sun skin care
According to the American Academy of Dermatology, it is estimated that one in five Americans will develop skin cancer in their lifetime.
There is only one kind of sunscreen.
There are two types of sunscreen, chemical & physical.
Chemical sunscreen formulas penetrate the skin and will either deflect or convert the UV rays into heat, deactivating their potency. Usually when applying chemical sunscreens, it is recommended that you wait about 20 minutes prior to sun exposure to ensure the formula is fully absorbed.
Physical sunscreens use minerals zinc oxide and titanium dioxide, commonly known as physical blockers, that sit at the very top layers of the dermis, deflecting light particles and dispersing the sun’s rays. These formulas work immediately.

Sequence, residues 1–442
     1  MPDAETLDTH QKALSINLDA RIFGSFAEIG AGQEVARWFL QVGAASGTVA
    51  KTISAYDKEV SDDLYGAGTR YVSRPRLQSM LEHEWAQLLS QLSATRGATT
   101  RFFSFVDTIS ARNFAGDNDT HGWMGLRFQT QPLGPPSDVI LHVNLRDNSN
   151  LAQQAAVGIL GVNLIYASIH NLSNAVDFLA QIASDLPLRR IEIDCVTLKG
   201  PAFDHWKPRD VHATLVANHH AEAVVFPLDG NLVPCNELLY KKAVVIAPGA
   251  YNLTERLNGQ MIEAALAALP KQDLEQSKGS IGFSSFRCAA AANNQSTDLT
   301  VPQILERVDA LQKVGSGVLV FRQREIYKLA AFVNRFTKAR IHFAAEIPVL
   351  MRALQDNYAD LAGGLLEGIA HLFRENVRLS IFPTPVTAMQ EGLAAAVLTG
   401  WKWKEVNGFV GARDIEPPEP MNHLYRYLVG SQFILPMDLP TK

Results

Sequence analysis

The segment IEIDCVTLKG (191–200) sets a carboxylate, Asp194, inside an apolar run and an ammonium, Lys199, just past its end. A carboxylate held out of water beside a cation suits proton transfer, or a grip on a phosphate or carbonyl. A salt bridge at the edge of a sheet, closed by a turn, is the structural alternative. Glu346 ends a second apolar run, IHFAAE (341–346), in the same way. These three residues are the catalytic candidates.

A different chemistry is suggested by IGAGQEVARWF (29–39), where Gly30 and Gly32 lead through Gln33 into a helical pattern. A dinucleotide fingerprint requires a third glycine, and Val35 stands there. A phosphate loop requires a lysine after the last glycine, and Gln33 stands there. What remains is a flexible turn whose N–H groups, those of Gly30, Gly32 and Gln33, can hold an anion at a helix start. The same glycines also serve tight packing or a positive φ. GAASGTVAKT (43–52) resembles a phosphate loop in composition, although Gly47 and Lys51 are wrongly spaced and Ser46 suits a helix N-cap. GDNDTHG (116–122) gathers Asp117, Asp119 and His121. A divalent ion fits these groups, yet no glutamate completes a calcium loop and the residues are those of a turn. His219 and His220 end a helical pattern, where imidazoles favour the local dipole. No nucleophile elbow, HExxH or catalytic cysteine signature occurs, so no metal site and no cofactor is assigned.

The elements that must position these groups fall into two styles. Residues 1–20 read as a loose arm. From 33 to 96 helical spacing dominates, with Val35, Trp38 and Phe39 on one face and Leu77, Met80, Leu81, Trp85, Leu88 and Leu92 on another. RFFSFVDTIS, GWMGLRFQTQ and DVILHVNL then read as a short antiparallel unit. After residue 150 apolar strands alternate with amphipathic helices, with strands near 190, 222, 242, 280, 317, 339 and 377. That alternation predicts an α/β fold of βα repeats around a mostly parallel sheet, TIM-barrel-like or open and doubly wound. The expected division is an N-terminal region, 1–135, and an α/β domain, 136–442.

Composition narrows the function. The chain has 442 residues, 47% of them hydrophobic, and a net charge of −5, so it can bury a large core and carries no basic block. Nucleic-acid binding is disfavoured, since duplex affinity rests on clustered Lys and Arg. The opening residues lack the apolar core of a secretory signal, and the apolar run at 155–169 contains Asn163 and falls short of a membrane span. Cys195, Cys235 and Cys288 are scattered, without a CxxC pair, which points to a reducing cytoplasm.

SPF stands for
Sun Protection Factor measures how long a sunscreen will protect you from UVB rays, the rays that cause sunburn and contribute to skin cancer.
SPF 15 blocks 93% of UVB rays, SPF 30 blocks 97%, and SPF 50 blocks 98%. Just because your SPF number is higher, does not mean you can sit in the sun without reapplying. You should reapply your sunscreen every two hours.
protect from both
UVA and UVB rays.
Unless the sunscreen says “broad spectrum” it is likely that your SPF only protects from UVB rays. UVA rays penetrate deeper into the dermis, causing signs of aging (wrinkles, discoloration, etc.) In order to truly protect skin from sun damage, make sure to use broad spectrum sun protection to defend against BOTH UVA and UVB rays.